Architecture

ASHA - Agrestic Settlement for Hope and Aspiration, A Disaster Resilient and Sustainable Community Building Project

Saiful Islam
State University of Bangladesh, Department of Architecture, Dhaka
Bangladesh

Project idea

A greater part of Bangladesh goes under flood water every year; the villages are the most vulnerable with informal human settlements. The built environment as the habitat for humans exposed to natural hazards poses greater challenges day by day with the increased population. The project is an attempt to address the daily lived reality of flood-affected communities through architectural intervention. It is realized that the settlement planning and design can eventually enhance overall community resilience by bolstering social capital, economic security as well as the relationship between humans and nature. The project hence explores amphibian architectural notions through a balanced utilization of local materials as well as experiences ultimately to propose a harmonious co-existence of humans on the lands with water. Floating houses, floating garden, floating platforms to enable easy movement during flood etc. are at the core of these propositions, that, if properly planned beforehand, can enable a successful adaptive dwelling during flood.

Project description

Bangladesh is the largest delta in the world (also known as the Ganges delta). It has more than 700 rivers crisscrossing all around the entire landscape. A greater part of Bangladesh goes under flood water every year; the villages are the most vulnerable with informal human settlements. The project is for the underprivileged people of the char region, whose design faces the challenge of rising sea levels and the use of bamboo as a local material and increasingly using it as a sustainable solution for future architecture. It is located on a site that has been submerged in eight meters of rainwater for about a third of the year. The built environment as the habitat for humans exposed to natural hazards poses greater challenges day by day with the increased population. The project is an attempt to address the daily lived reality of flood-affected communities through architectural intervention. It is realized that the settlement planning and design can eventually enhance overall community resilience by bolstering social capital, economic security as well as the relationship between humans and nature. The project hence explores amphibian architectural notions through a balanced utilization of local materials as well as experiences ultimately to propose a harmonious co-existence of humans on the lands with water. Floating houses, floating garden, floating platforms to enable easy movement during flood etc. are at the core of these propositions, that, if properly planned beforehand, can enable a successful adaptive dwelling during flood.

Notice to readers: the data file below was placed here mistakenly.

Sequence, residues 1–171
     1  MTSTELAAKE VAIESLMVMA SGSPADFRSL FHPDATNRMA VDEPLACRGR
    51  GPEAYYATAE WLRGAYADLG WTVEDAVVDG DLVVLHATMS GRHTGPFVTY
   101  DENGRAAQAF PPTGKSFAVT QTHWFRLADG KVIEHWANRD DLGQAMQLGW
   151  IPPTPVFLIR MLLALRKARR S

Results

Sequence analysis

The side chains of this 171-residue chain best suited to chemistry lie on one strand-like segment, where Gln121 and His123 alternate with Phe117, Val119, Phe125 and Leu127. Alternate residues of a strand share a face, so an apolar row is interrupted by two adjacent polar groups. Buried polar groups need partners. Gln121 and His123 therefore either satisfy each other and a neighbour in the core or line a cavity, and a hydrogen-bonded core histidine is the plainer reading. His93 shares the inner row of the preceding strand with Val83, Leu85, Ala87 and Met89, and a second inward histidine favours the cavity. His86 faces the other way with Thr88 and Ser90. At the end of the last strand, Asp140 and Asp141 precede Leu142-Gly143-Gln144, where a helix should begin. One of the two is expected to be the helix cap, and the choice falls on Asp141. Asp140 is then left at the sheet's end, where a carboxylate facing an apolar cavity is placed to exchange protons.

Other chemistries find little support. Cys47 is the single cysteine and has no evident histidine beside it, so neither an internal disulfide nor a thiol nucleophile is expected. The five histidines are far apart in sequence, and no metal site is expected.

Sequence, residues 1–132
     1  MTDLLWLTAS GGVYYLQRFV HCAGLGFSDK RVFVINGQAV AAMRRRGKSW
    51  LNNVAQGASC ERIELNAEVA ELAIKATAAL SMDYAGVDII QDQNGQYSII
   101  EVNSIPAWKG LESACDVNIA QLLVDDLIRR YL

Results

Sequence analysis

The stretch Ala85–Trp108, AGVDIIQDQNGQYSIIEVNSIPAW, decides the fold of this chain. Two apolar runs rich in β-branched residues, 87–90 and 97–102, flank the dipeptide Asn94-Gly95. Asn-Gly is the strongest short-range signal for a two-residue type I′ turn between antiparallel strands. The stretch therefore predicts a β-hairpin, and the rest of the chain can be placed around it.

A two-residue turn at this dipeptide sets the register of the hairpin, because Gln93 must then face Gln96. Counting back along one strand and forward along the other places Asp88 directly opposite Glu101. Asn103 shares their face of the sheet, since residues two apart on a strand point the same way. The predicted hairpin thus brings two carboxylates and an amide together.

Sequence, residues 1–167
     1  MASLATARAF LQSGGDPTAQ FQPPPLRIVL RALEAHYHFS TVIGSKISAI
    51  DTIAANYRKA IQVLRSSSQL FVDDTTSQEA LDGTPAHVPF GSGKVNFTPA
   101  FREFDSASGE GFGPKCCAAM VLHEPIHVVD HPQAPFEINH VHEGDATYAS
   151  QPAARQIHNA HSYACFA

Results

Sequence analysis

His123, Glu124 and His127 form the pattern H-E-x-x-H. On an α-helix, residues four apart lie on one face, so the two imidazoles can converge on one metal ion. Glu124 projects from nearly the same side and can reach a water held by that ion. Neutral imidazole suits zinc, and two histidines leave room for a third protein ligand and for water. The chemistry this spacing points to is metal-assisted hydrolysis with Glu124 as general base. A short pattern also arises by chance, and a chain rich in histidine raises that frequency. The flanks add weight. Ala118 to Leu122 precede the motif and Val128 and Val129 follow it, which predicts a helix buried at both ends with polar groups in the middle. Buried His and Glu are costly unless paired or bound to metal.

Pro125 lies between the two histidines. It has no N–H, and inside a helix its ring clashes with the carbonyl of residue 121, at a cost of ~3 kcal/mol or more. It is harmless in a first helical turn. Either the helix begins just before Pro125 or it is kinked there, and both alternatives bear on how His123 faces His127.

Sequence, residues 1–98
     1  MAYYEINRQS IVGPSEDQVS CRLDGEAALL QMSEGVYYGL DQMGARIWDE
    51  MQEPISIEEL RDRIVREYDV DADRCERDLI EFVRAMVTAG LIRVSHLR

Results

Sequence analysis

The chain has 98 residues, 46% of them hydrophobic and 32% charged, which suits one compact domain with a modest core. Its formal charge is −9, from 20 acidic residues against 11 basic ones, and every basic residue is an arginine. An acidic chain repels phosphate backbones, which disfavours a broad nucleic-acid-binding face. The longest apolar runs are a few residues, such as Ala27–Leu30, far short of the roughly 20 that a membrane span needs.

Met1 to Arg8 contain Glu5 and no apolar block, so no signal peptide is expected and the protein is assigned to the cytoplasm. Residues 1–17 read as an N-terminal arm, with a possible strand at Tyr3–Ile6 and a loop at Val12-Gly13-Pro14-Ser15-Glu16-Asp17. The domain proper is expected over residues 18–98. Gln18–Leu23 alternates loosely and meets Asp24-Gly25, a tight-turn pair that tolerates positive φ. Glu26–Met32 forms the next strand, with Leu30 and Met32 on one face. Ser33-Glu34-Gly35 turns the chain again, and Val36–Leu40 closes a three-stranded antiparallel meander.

The main method of design was to create a courtyard-based settlement, with each unit having a yard in front of it, as well as a separate yard connected by a shared yard. The original forms of the housing units were kept as unchanged as possible, only changed according to the use of the residents there. For example, the size of the backyard of a farmer's community is completely different from that of a fishing community. Since there is water in the yard during the flood, an open space is designed in front of the second floor of the house which is called "macha" in the local language. They will be able to use this place throughout the year especially during floods. In case of severe floods, flood victims in other chars will be able to take shelter in community buildings, schools or training centers without relocating their houses. Marketplaces are designed to connect people in communities in the most appropriate places.
At this project I want to present traditional and the cheapest building materials Bamboo as a solution for an innovative design of resilience community. I want to propose a possibility in creating flexible, sustainable and wonderful public space and let people deal with natural disasters with the assistance of the nature. By means of a low-cost, environmental-friendly, sustainable and citizen-participate method, I establish a system which satisfies demands of public life space in normal time, mutual assistance connection in disaster time and quickly recover after a disaster.
Ecological Infrastructure: This site is in the middle of a rive, a wide range of green forest cover protection is required. Since the site is in the middle of the river, it is proposed to afforest the forest. This will reduce the intensity of flood and storm to a major level. Besides, forest actively contributes to restoring land to the shore, thereby curing land subsidence.

The design is anchored to the site during monsoon season, and while the bamboo is naturally waterproof. Most of the joints use a rope-tie technique, rather than steel wire, which would corrode, and construction was mostly carried out using hand tools.

Technical information

Site Location: Gayner Char, Chilmari, Kurigram, Latitude 25°35'27.97"N Longitude 89°44'41.09"E, Site Area: 8 Acre

To ensure the durability of the structure and to enhance some of the features of the traditional construction techniques, every solution becomes a direct response to real problems.

Materials used:
-Jute Composite Sheet
-(35” x 24”) 208 lit. water drums
-Jute fiber for ventilation
-Polythene Sheet
-Local Bamboo (Valka, Tolla)

Sustainability:
-Use natural building material construction.
- Bamboo fences wall have been used (which are easily available). It is inexpensive and environmentally friendly, as well as has thermal insulation properties.
-The dependence on natural light.
More sunlight
Connection to nature
Energy consumption
-Using a solar panel